I have two good friends, Niki and Cammy, who are passionate about the fight against sex trafficking. They have each decided to be creative about raising some funds for Hope for the Sold!  Here’s what they’ve cooked up.

NikiThis is Niki.  She is a ridiculously generous, passionate person and has done SO much in support of the abolitionist movement over the years, including hosting awareness events with sheer excellence.  Her birthday is coming up this week, and instead of gifts she has requested that people make a donation to Hope for the Sold!  She makes it very clear that she does not expect birthday gifts in the first place, but if people are so inclined, she wants her birthday to be an opportunity for impact.  So cool.  Say HAPPY BIRTHDAY to Niki by donating below!

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Cammy 300x225This is Cammy.  She is one of the coolest, quirkiest people I know.  She has chickens in her backyard. When we met Cammy and her husband, they proudly showed us a room full of fair trade sugar they had shipped in to make it more accessible to their community! Cammy, being rather talkative, has decided to take on the challenge of being silent for a day to raise funds for Hope for the Sold!   Make Cammy’s day of zipping her lips worth it!

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The money donated is going toward our documentary project, for which we are travelling to several countries to explore what models prevent sex trafficking, and what laws and initiatives make it worse. Our goal is to inspire people to think differently about prostitution, so that both government and individuals can adopt practices that stop commercial sexual exploitation from ever happening in the first place.  We are boarding a plane this weekend to begin filming, so Niki and Cammy’s initiatives to raise funds could not come at a better time!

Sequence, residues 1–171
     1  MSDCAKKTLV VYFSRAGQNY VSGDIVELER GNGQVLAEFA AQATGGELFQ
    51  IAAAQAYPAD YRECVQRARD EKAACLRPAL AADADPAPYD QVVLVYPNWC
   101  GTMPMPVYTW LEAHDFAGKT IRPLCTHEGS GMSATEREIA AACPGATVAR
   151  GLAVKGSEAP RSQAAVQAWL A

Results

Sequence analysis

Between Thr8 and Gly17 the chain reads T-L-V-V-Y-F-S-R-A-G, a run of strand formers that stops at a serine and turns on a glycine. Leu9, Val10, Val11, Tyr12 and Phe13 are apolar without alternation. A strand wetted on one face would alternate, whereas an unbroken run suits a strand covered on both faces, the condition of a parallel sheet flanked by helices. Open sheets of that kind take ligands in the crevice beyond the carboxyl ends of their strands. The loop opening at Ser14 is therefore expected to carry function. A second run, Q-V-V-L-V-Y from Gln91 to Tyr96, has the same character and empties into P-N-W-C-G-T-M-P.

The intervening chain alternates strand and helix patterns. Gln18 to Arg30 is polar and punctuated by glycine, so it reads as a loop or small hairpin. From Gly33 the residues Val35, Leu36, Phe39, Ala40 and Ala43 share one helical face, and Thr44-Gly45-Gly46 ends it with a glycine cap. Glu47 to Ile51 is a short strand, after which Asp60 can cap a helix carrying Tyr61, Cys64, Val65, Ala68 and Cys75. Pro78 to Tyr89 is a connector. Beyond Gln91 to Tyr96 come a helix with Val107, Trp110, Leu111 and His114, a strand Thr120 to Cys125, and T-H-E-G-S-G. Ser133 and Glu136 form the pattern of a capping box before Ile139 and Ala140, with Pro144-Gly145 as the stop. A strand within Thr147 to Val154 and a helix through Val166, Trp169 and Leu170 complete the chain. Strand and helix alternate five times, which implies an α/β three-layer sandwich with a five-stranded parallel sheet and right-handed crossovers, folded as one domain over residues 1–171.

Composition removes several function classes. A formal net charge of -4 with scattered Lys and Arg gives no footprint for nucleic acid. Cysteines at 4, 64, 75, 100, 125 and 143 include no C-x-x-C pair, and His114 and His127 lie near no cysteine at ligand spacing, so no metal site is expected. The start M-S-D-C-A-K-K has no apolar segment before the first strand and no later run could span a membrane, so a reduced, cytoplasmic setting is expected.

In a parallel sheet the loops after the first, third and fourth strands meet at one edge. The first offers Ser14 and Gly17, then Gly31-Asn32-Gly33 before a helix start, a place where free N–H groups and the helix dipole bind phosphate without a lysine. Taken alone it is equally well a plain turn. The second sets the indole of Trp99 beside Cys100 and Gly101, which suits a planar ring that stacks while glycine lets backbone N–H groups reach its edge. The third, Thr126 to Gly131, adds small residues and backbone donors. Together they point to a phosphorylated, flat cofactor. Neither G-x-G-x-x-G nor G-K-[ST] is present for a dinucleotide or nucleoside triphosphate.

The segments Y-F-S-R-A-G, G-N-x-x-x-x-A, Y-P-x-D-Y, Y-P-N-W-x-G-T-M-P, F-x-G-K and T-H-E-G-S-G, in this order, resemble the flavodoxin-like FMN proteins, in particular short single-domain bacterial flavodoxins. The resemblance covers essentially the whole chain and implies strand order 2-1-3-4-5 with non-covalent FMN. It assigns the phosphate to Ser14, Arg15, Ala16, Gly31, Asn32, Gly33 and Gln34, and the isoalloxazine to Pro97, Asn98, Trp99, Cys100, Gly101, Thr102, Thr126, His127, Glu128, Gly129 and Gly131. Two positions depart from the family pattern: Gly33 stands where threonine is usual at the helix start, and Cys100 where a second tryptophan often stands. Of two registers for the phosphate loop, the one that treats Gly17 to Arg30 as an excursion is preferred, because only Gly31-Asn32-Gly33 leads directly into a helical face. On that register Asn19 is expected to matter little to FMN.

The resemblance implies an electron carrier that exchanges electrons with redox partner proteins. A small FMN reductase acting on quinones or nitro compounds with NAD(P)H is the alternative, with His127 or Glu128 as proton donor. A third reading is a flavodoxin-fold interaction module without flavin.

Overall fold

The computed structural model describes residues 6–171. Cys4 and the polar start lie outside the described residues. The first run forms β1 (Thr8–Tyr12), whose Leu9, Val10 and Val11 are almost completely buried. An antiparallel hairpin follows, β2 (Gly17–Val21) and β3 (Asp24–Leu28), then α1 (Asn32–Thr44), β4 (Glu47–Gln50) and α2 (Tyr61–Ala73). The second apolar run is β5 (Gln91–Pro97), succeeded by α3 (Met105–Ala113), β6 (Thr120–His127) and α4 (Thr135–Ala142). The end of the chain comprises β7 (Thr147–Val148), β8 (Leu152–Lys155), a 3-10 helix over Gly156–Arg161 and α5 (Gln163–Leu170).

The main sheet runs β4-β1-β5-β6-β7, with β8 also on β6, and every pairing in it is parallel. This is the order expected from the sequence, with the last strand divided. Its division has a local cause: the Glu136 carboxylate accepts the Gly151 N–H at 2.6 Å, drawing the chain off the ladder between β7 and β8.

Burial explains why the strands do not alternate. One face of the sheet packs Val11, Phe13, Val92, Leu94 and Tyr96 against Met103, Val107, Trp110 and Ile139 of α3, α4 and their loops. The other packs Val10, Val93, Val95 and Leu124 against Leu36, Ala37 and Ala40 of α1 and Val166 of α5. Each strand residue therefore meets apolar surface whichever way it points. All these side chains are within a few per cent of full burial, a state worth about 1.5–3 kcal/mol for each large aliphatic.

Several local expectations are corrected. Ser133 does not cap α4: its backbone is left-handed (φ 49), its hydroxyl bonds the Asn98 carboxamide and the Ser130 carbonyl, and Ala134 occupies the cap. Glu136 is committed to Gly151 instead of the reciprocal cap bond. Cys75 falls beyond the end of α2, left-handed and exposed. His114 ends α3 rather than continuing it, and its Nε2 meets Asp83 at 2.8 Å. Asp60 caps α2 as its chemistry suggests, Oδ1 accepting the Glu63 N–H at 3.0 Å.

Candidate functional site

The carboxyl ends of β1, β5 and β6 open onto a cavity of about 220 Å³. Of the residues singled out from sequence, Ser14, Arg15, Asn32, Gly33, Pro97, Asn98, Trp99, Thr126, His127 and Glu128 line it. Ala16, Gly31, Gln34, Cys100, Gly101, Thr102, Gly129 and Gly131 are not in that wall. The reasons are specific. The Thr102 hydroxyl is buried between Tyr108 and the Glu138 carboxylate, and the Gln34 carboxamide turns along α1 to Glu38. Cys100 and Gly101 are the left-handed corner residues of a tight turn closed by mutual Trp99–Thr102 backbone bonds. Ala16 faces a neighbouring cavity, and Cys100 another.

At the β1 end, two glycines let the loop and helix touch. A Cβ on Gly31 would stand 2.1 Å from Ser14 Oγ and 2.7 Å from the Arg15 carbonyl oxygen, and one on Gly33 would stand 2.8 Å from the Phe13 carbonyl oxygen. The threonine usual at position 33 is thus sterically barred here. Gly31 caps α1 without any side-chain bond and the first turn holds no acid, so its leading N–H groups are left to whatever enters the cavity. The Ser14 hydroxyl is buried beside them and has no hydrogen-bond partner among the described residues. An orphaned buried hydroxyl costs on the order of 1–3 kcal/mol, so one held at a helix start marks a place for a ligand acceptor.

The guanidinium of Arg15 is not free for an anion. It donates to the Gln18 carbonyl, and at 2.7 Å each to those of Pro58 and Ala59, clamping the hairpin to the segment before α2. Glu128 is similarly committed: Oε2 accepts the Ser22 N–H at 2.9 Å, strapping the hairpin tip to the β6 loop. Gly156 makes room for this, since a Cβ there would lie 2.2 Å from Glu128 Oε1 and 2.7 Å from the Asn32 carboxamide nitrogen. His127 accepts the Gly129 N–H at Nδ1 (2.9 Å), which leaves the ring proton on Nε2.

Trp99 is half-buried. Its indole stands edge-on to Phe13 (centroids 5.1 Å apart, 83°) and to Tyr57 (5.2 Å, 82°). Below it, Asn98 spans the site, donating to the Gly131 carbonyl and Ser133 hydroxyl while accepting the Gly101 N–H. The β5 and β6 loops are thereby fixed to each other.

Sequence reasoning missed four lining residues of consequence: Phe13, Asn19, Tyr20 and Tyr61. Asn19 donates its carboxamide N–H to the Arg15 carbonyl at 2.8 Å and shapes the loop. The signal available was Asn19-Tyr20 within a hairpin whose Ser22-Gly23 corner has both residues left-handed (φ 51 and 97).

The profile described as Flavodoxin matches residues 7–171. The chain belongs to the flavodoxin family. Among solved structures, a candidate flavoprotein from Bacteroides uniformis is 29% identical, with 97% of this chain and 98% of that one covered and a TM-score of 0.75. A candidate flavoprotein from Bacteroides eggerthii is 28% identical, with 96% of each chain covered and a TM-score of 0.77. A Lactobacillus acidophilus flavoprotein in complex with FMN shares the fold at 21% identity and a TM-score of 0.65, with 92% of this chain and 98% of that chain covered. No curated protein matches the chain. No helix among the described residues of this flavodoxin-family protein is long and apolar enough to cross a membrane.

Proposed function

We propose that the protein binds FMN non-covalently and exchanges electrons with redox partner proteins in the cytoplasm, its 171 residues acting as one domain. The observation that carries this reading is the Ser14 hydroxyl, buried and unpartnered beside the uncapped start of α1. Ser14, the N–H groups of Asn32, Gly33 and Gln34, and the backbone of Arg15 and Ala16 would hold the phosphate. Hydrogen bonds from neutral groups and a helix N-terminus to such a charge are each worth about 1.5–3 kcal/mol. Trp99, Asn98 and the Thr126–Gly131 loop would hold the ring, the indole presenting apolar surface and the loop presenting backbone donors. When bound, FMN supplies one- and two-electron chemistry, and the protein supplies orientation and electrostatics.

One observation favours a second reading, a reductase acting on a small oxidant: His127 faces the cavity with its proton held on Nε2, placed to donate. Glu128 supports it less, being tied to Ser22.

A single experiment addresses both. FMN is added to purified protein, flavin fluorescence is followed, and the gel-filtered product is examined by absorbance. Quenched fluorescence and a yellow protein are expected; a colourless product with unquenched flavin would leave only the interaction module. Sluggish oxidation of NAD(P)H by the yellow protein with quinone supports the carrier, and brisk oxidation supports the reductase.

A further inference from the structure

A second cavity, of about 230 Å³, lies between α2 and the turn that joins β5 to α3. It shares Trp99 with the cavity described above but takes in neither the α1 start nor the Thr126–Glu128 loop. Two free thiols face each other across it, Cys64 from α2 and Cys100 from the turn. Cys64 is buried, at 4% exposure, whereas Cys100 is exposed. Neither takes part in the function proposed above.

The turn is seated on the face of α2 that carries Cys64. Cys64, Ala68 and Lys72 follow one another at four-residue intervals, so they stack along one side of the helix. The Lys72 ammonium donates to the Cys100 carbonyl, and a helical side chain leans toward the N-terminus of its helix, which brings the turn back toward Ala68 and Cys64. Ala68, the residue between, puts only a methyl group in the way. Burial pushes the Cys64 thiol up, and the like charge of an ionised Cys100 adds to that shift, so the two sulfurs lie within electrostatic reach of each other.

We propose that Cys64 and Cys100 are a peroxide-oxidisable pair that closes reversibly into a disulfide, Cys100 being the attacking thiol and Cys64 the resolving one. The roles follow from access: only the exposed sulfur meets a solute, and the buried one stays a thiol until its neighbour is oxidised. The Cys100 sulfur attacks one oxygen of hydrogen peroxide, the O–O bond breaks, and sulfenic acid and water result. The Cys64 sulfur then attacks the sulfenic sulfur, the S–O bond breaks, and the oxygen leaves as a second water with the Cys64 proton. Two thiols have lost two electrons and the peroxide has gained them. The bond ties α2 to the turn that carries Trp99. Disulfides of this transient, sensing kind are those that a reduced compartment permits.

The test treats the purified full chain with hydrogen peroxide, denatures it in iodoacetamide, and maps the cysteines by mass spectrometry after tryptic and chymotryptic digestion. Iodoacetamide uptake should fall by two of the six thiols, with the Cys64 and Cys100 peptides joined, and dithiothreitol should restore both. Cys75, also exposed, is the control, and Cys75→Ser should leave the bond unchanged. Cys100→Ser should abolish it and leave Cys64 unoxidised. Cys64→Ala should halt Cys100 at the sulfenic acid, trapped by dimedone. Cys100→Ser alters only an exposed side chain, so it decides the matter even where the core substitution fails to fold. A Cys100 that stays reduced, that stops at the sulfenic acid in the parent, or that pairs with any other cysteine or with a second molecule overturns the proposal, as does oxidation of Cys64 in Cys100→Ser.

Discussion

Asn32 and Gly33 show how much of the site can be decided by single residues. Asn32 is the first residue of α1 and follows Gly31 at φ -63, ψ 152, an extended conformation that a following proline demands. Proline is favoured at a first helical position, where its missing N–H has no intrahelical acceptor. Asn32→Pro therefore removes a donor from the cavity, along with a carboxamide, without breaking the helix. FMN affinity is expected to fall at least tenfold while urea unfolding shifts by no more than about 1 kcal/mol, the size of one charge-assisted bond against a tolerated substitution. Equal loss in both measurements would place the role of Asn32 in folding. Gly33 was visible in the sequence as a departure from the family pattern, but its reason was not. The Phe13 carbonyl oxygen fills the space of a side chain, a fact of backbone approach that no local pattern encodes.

Thanks Niki and cammy for your beautiful, selfless hearts, and your dedication to making a difference in this world.

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It’s Still Not Too Late to Join the Ride for Refuge!

by Michelle Brock on September 24th, 2012

Happy Monday everyone!

The RIDE FOR REFUGE is fast approaching, the first batch of rides taking place this coming Saturday, September 29!  If you live in or near the following cities, your ride is scheduled for that day: Vancouver, Winnipeg, Leamington, Brampton, Ajax, Aylmer, Muskoka, Waterloo, Niagara region, Ottawa, Saskatoon & Sault Ste. Marie!  If you live in Guelph, Hamilton or Maple Ridge, your RIDE day is Saturday Oct 13, and Moosomin is October 6.

We would love for you to register for the RIDE FOR REFUGE, and ride for Hope for the Sold!  This is how we are using the money to fight sex trafficking.  Our riders have raised $1,850 so far!!  Woohoo!

It’s not too late!  REGISTER HERE!

If I can get on a bike for the first time in 5 years – on camera, while wearing a crooked helmet - perhaps you will be inspired to get on yours!  There are different ride lengths to accommodate everyone.  We would love love love for you to join us!  Find out more about the RIDE FOR REFUGE at rideforrefuge.org.